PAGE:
• WHEN (condition): This provides a condition for rows for which the trigger would fire. This clause is valid only for row level triggers.

Example:

To start with, we will be using the CUSTOMERS table:

Select * from customers;

+----+----------+-----+-----------+----------+
| ID | NAME     | AGE | ADDRESS   | SALARY   |
+----+----------+-----+-----------+----------+
|  1 | Ramesh   |  32 | Ahmedabad |  2000.00 |
|  2 | Khilan   |  25 | Delhi     |  1500.00 |
|  3 | kaushik  |  23 | Kota      |  2000.00 |
|  4 | Chaitali |  25 | Mumbai    |  6500.00 |
|  5 | Hardik   |  27 | Bhopal    |  8500.00 |
|  6 | Komal    |  22 | MP        |  4500.00 |
+----+----------+-----+-----------+----------+

The following program creates a row level trigger for the customers table that would fire for INSERT or UPDATE or DELETE operations performed on the CUSTOMERS table. This trigger will display the salary difference between the old values and new values:

CREATE OR REPLACE TRIGGER display_salary_changes
BEFORE DELETE OR INSERT OR UPDATE ON customers
FOR EACH ROW
WHEN (NEW.ID > 0)
DECLARE
   sal_diff number;
BEGIN
   sal_diff := :NEW.salary  - :OLD.salary;
   dbms_output.put_line('Old salary: ' || :OLD.salary);
   dbms_output.put_line('New salary: ' || :NEW.salary);
   dbms_output.put_line('Salary difference: ' || sal_diff);
END;
/

When the above code is executed at SQL prompt, it produces the following result:

Trigger created.

Here following two points are important and should be noted carefully:

  • OLD and NEW references are not available for table level triggers, rather you can use them for record level triggers.

  • If you want to query the table in the same trigger, then you should use the AFTER keyword, because triggers can query the table or change it again only after the initial changes are applied and the table is back in a consistent state.

  • Above trigger has been written in such a way that it will fire before any DELETE or INSERT or UPDATE operation on the table, but you can write your trigger on a single or multiple operations, for example BEFORE DELETE, which will fire whenever a record will be deleted using DELETE operation on the table.

PL/SQL - Packages

PL/SQL packages are schema objects that groups logically related PL/SQL types, variables and subprograms.

A package will have two mandatory parts:

  • Package specification

  • Package body or definition

Package Specification

The specification is the interface to the package. It just DECLARES the types, variables, constants, exceptions, cursors, and subprograms that can be referenced from outside the package. In other words, it contains all information about the content of the package, but excludes the code for the subprograms.

All objects placed in the specification are called public objects. Any subprogram not in the package specification but coded in the package body is called a private object.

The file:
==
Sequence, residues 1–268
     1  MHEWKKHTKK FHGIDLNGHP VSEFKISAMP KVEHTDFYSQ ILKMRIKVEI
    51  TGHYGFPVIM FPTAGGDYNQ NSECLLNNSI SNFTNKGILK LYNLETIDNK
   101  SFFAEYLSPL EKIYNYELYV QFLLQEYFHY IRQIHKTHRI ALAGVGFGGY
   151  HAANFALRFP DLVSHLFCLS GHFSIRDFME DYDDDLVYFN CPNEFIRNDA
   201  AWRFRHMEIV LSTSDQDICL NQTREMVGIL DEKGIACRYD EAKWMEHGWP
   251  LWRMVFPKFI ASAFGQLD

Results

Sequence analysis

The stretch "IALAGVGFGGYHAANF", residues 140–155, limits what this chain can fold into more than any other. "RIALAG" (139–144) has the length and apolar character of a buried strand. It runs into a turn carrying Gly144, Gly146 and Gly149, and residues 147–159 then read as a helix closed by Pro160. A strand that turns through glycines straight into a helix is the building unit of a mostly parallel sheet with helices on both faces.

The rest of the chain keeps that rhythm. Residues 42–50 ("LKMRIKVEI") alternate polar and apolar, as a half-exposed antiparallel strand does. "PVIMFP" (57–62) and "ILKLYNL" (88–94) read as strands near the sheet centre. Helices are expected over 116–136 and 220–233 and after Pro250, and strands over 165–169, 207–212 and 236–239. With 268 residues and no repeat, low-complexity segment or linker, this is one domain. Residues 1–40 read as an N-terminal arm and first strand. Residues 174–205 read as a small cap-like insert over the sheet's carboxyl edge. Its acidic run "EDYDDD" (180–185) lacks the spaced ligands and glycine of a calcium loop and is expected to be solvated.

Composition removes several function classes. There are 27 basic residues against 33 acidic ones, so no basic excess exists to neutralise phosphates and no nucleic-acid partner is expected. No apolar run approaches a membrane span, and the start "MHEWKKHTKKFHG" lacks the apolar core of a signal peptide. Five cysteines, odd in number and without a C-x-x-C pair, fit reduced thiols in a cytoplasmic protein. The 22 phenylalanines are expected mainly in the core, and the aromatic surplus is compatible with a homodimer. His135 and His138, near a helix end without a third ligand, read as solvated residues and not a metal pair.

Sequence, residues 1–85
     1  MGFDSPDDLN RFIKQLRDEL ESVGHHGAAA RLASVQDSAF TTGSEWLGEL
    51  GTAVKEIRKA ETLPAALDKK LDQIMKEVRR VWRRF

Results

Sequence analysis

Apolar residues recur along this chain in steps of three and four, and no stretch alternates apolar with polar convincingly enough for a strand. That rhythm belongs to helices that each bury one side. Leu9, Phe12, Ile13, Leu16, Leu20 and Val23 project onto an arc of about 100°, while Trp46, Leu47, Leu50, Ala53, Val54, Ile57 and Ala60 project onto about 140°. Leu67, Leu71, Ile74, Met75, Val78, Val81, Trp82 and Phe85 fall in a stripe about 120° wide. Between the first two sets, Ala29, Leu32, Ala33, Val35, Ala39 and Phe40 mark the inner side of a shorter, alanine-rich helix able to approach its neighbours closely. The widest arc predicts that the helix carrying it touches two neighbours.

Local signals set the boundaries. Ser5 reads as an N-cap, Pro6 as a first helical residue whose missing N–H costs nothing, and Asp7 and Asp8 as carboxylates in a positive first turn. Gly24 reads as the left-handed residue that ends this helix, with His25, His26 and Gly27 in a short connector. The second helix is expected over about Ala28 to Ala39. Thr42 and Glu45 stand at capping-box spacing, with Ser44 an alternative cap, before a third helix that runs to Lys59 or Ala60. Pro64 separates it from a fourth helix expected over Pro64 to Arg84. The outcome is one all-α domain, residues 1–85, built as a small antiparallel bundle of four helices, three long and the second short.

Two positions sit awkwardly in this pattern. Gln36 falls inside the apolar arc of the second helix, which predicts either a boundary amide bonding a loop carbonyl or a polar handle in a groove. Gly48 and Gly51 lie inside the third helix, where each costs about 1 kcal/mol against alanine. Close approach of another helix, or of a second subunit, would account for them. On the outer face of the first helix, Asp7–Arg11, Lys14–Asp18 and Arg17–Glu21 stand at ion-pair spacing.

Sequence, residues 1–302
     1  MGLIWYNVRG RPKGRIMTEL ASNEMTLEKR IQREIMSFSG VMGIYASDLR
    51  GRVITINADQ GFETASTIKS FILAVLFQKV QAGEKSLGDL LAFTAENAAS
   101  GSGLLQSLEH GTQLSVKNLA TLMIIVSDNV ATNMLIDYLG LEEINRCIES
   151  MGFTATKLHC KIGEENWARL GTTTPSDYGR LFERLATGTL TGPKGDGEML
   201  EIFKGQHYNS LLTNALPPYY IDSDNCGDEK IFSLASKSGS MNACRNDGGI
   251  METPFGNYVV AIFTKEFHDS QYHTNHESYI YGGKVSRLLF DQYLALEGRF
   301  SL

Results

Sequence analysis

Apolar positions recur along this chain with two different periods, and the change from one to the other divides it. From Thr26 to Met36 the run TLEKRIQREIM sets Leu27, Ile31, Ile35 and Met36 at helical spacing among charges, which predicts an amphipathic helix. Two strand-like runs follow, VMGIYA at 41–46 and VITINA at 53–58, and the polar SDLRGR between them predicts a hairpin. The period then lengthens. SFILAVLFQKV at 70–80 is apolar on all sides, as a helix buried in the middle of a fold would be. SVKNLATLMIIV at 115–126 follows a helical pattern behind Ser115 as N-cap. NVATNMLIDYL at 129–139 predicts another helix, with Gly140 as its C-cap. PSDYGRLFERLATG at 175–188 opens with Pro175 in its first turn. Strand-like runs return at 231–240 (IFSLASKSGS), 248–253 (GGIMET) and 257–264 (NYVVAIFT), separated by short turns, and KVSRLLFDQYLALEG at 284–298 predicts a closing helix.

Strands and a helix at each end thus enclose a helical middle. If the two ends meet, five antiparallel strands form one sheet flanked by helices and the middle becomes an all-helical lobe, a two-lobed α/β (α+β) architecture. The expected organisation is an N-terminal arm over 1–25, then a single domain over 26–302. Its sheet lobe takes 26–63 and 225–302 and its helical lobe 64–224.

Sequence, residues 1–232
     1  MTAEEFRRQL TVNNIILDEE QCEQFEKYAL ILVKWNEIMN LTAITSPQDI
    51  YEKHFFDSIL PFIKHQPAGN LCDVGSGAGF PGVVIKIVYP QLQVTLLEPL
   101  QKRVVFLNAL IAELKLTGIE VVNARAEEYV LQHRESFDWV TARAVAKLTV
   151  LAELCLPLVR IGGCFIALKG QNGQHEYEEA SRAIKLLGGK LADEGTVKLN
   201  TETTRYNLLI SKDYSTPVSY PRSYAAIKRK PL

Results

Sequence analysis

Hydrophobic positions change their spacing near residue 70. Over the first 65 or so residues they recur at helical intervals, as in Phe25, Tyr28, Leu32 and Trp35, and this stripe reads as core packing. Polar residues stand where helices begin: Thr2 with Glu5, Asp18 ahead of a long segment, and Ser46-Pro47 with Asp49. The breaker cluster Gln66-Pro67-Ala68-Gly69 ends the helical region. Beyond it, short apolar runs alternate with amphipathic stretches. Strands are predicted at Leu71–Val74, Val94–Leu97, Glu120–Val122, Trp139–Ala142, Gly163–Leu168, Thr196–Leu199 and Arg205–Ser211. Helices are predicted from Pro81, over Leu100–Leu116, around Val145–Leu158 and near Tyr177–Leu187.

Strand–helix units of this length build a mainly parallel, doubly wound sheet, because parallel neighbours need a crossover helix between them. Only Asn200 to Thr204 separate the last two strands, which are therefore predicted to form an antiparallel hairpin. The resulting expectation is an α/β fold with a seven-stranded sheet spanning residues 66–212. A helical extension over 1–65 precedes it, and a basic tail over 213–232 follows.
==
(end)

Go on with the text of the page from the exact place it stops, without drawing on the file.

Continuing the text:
The following code snippet shows a package specification having a single procedure. You can have many global variables defined and multiple procedures or functions inside a package.

CREATE PACKAGE cust_sal AS
   PROCEDURE find_sal(c_id customers.id%type);
END cust_sal;
/

When the above code is executed at SQL prompt, it produces the following result:

Package created.

Package Body

The package body has the codes for various methods declared in the package specification and other private declarations, which are hidden from code outside the package.

The CREATE PACKAGE BODY Statement is used for creating the package body. The following code snippet shows the package body declaration for the cust_sal package created above. I assumed that we already have CUSTOMERS table created in our database as mentioned in PL/SQL - Variables chapter.

CREATE OR REPLACE PACKAGE BODY cust_sal AS
   PROCEDURE find_sal(c_id customers.id%TYPE) IS
   c_sal customers.salary%TYPE;
   BEGIN
      SELECT salary INTO c_sal
      FROM customers
      WHERE id = c_id;
      dbms_output.put_line('Salary: '|| c_sal);
   END find_sal;
END cust_sal;
/

When the above code is executed at SQL prompt, it produces the following result:

Package body created.

Using the Package Elements

The package elements (variables, procedures or functions) are accessed with the following syntax:

package_name.element_name;

Consider, we already have created above package in our database schema, the following program uses the find_sal method of the cust_sal package:

DECLARE
   code customers.id%type := &cc_id;
BEGIN
   cust_sal.find_sal(code);
END;
/

When the above code is executed at SQL prompt, it prompt to enter customer ID, and when you enter an ID, it displays the corresponding salary as follows:

Enter value for cc_id: 1